How do we regulate short term rentals in Redstone?


Redstone Boulevard is 17 miles south of Carbondale off Highway 133.

And most residents and businesses are crammed into a half-mile stretch of the road.

Bill Jochems has lived in his Redstone Boulevard home since 1971.

“The homes, for the most part, are on 50-foot lots,” Jochems said. “As a result, we got to know each other much better.”

He has seen the town of Redstone change over the past 51 years.

“The density of short-term rentals in this town is so great that I think it affects the character of the town. It kind of diminishes its village character,” Jochems said.

Hall Zander

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Aspen Public Radio

The house a few doors down from Jochem’s property is listed as a short-term rental. Most homes on Redstone Boulevard sit on 50-foot-wide lots, so neighbors live nearby.

According to Pitkin County data, there are approximately 67 parcels of land on this section of Redstone Boulevard. About 25% of them are listed as short-term rentals. (links available on grove)

Owners and vacation rental companies choose to rent out their properties for a few days at a time.

“It’s amazing to me how much people will pay to rent overnight here – for three or four hundred dollars here in Redstone,” Jochems said. “And no landlord wants to commit to renting to someone for $2,000 a month when they can do it.”

And Jochems said the lack of long-term rental housing means a lack of real neighbors. He says the sense of community is what really makes Redstone home.

“We are 17 miles from groceries, gas, medical care, police protection,” Jochems said. “If your battery is dead, you know exactly who will come and start your car. If you run out of gas, you know who will lend you a gallon of gas.

Jochems strolled down the boulevard to show the omnipresence of STRs. About one in four properties he visited was a short-term rental.

Jochems isn’t the only long-term resident to worry about.

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Hall Zander

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Aspen Public Radio

Skip Bell stands outside his home on Redstone Boulevard. Bell finds that short-term tenants undermine the sense of community in Redstone.

Skip Bell lives a few doors down from Jochems. Bell said rising real estate prices are making STRs more common.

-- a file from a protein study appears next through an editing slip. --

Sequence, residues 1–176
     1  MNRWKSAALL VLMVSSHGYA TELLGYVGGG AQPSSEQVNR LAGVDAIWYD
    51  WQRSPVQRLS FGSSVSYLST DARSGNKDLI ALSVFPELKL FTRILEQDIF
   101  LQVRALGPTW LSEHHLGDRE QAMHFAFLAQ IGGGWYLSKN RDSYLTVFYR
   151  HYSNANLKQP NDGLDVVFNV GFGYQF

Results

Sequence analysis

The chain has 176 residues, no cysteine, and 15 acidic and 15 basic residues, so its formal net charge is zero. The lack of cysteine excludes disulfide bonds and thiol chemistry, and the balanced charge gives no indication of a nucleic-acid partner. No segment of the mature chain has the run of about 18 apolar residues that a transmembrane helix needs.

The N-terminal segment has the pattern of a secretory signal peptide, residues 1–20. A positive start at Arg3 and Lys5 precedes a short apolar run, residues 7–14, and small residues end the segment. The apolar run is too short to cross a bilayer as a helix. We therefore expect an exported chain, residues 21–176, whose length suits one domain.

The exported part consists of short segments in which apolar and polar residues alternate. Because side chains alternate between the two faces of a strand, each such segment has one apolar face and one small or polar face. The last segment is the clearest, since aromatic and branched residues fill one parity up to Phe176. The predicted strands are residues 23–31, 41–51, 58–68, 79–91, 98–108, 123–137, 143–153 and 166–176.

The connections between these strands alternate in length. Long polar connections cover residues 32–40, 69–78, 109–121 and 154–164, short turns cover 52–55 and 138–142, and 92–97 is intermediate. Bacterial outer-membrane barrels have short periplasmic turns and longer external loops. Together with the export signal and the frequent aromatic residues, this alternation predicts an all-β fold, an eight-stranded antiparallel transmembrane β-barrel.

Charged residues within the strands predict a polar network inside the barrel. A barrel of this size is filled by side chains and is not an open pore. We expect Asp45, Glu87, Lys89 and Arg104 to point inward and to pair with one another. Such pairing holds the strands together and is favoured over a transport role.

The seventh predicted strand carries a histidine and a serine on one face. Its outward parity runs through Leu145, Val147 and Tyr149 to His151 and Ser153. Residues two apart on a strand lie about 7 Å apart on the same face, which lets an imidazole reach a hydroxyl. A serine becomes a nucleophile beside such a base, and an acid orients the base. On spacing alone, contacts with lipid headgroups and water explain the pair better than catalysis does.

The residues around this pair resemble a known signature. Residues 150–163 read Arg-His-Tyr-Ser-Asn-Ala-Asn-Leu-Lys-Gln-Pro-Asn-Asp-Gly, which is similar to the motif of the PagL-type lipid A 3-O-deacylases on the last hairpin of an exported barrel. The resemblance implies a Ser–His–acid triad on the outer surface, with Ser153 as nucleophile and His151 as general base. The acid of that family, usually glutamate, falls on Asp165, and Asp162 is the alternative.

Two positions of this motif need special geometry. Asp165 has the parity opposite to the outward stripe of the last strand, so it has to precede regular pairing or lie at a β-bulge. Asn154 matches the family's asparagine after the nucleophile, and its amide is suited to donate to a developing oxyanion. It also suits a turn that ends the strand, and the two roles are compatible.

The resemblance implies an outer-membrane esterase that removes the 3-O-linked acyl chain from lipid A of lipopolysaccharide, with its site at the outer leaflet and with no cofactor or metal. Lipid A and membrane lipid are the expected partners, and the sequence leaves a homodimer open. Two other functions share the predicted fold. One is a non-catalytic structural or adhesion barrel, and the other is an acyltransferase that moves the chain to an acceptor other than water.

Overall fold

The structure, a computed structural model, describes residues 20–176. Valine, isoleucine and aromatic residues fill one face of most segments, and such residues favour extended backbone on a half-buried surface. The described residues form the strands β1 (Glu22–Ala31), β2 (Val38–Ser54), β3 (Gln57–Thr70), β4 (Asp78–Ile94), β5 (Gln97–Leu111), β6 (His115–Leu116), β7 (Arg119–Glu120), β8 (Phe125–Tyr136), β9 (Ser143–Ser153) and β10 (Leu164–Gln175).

“It drives people to buy homes as investments rather than places to live,” Bell said. “A lot of people are leaving who would normally be good neighbors and good friends.”

Lisa Wagner, owner of a Bed and Breakfast across the street from Bell, says STRs have hurt her business. She wants to see regulations that tax STRs like all other business entities.

A number of STRs in Redstone are zoned residential, so these owners do not pay the same level of taxes as Wagner does for his B&B.

Lauren Kaufman operates a short-term rental in a residential area half a mile from the boulevard.

She typically rents for $365 per night. And she encourages visitors to support local businesses.

“We encourage you to experience all the things Redstone has to offer,” Kaufman said. “So we’re really big fans of the hostel, the propaganda pie, the general store. We push people into the city.

Kaufman hopes this boost to the local economy offsets any negative impact from tourists.

“So hoping that helps offset the influx of foreigners,” Kaufman said. “Are you taking away from the community or adding to the prosperity of the town? And I think that’s a double-edged sword.

Kaufman adds that she will adapt to any new regulations passed by the commissioners. And she could even rent long term.

“If anything, we really appreciate these tenants,” Kaufman said. “It’s less wear and tear on the house. And there are people out there with that love and they’re actually there to get into that sense of community.

But Kaufman’s opinion isn’t as popular among other STR managers.

Brittany Hailey is the founder and CEO of Cactus Vacations and she manages a property on the boulevard.

She says if the legislation is passed and short-term tenants must be principal residents, landlords can rent the property long-term.

But they should charge a minimum of $5,000 per month.

“The cost of living here in the Roaring Fork Valley is extremely expensive,” Hailey said. “You can’t expect to buy a property for $700,000, invest a few hundred thousand dollars in it, and rent it out for $2,500 a month. I think it’s basically asking landlords and landlords to subsidize a housing crisis. And I don’t find that very fair.

But if Hailey can’t find a long-term tenant willing to pay that price, landlords may have to sell. Otherwise the property would sit empty for 11 months of the year.

“So what does this do to the community?” Hailey asked. “What does that do to your neighborhood?” This makes it a ghost town.

Hailey agrees that the percentage of STRs in Redstone is high and she welcomes the increased fees alongside a licensing process.

But instead of a primary residence requirement, she backs other regulations, including a cap on the number of STR permits in residential areas.

“So how can we coexist?” Hailey asks. “How can we limit how much there is in the area?” How can we keep these people accountable for bringing in good guests? »

Hailey wants to find a compromise. And Jochems acknowledges that tourism is a big part of Redstone, but he hopes the town will continue to be a home to many.

“There’s always been tourism since I’ve been here and before,” Jochems said. “But it’s also a living space. It is the house. I guess that’s the best way to put it.

The fate of short-term rentals in Redstone and the rest of unincorporated Pitkin County is yet to be determined.

Commissioners will continue their discussion of short-term rentals on April 13.

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